You should listen to your gut and by all means, run the numbers if you are seriously considering a merchant cash advance. Making sure you are doing the right thing for your business and future is a top priority.
The criteria for people to qualify for a merchant cash advance is very different than a bank loan...
Just about anyone in business can get approved for a merchant cash advance. There isn't any collateral needed and you can often times get funded the same day you submit an application. Credit really isn't all that important either. Merchant cash advance lenders are looking at your sales and lending based on your volume.
So what's the catch...?
The good and the bad is there isn't an interest rate associated with a merchant cash advance. Interest rates can be deceiving, but if you can get a low rate on a bank loan that should be the best, right? You should be all good to go. Actually, it sounds like a small percentage but getting a loan of any kind is never really cheap by any means. By the time you are done paying the balance off, you've paid a ton more than you imagined you ever would, even on the "good rate" bank loans. The only time interest rates are really the way to go, is when you qualify for a 0% rate or you have the funds to pay off the balance before the interest becomes due. Otherwise you are paying a ton, but probably don't fully realize it.
Instead of an interest rate, merchant cash advances operate on what is called a "factor rate". A factor rate is a set number used to calculate the amount, in total, that you will pay back. The factor rate is determined on a multitude of different factors.... pun intended. Factor rates can be intimidating at the very least on merchant cash advances, and the sticker shock can really be.... well, a shock! .
Your factor rate will reflect how well you have managed your personal and professional life, mostly they are looking at the professional side of things... like, do you have multiple NSF's each month or do you have a positive balance throughout the month and is it clear that there are some profits to be had. In addition to the merchant cash advance being a little more expensive due to the increased risk of lending to those that aren't "cookie cutter" perfect, like the bank likes to see, is the fact that a merchant cash advance is UNSECURED.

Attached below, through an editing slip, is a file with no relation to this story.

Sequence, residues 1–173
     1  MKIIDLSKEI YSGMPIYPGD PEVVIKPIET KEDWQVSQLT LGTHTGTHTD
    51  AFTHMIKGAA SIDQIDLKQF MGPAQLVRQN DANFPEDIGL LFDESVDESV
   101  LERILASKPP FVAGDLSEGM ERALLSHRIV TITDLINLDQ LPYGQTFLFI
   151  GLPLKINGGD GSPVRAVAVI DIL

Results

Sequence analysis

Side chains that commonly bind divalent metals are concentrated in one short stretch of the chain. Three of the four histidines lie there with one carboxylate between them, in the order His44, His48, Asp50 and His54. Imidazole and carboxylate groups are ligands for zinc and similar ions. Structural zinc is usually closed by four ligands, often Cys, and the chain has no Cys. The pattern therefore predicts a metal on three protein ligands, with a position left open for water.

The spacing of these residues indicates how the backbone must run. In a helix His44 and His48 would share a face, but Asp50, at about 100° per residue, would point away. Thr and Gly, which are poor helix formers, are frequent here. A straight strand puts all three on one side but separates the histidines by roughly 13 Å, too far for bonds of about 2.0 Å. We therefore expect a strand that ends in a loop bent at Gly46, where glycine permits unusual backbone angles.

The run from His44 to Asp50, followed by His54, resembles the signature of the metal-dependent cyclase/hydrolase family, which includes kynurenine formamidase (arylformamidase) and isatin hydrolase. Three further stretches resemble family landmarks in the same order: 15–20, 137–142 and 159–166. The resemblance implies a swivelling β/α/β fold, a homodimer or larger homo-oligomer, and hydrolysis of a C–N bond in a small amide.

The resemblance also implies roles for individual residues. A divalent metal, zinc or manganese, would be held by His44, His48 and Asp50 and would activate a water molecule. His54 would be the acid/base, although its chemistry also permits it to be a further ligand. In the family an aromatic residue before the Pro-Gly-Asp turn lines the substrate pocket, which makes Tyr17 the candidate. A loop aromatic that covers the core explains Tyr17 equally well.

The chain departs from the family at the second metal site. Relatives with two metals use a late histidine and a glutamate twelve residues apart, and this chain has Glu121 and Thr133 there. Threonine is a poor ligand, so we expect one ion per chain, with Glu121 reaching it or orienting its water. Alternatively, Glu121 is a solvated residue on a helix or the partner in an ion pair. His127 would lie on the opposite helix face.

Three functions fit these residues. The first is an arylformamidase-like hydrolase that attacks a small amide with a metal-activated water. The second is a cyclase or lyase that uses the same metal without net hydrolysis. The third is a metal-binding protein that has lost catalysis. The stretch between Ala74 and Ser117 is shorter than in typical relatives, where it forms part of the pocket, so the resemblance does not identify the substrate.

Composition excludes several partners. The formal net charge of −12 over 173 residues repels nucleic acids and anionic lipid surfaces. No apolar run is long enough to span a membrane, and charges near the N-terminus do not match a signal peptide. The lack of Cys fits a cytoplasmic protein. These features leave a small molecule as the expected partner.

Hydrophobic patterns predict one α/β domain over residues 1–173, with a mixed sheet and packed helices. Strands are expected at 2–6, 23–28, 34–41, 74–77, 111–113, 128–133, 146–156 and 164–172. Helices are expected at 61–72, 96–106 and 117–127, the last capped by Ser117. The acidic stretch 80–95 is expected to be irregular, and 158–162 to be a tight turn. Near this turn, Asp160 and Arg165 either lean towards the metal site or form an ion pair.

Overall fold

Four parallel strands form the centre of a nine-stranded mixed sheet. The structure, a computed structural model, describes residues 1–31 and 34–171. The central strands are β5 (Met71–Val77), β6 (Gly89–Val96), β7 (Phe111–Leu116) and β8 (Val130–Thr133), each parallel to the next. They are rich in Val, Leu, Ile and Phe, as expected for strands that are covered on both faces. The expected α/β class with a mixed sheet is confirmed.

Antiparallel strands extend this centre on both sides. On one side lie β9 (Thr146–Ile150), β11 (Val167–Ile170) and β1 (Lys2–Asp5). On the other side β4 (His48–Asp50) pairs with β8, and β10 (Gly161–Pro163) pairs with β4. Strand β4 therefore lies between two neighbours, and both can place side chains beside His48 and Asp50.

Unsecured means you don't have to put up collateral. If you default on the merchant cash advance, there really isn't much if any recourse for the lender. The lender does not have the right to any of your assets. Not to mention that there isn't any personal credit reporting with a merchant cash advance. Your biggest downfall would be the inability to seek additional funding.
The private lenders who facilitate merchant cash advances all talk to one another. If you have defaulted on a loan like this before, there will be a record of this that's shared within the industry and nobody is going to want to do another one with you. You are stuck, at this point, with the inability to find funding through a private lender and you must get into a position where you can adhere to the guidelines of a bank loan.
Oaky, so we get it. The factor rate instead of interest rate makes it a little more expensive, but buyer beware!
...so let's address the big "downside" of the merchant cash advance a bit more...
The cost of the money! Because of the ease of approval and the funds being unsecured, you are going to pay a premium. It takes money to make money. No way, no how, is any lender going to lend to a business with no collateral and super relaxed qualification criteria without making enough money on the deal to justify the risk.
So just how much money is enough for them?
The idea of lending a business funds when it isn't claiming a substantial profit on their tax returns and has next to no recourse if defaulted upon, means it's just going to be more expensive. End of story.
Worried yet that you can't afford something like this...?
Well, you have every right to be worried!
There are two different types of situations in which a merchant cash advance makes sense.
One, you need the money to save your business. If you have a tax debt and will be suspended or worse, if you had an incident and can't make payroll or other expenses that are crucial to functioning.... then, yes, absolutely yes, paying a premium for funds to keep moving forward is a business expense that must be incurred. However, the fact that it's a business expense means that it can also be a tax write off.
Secondly, the money is being used to increase business and the return on investment (ROI) justifies the cost.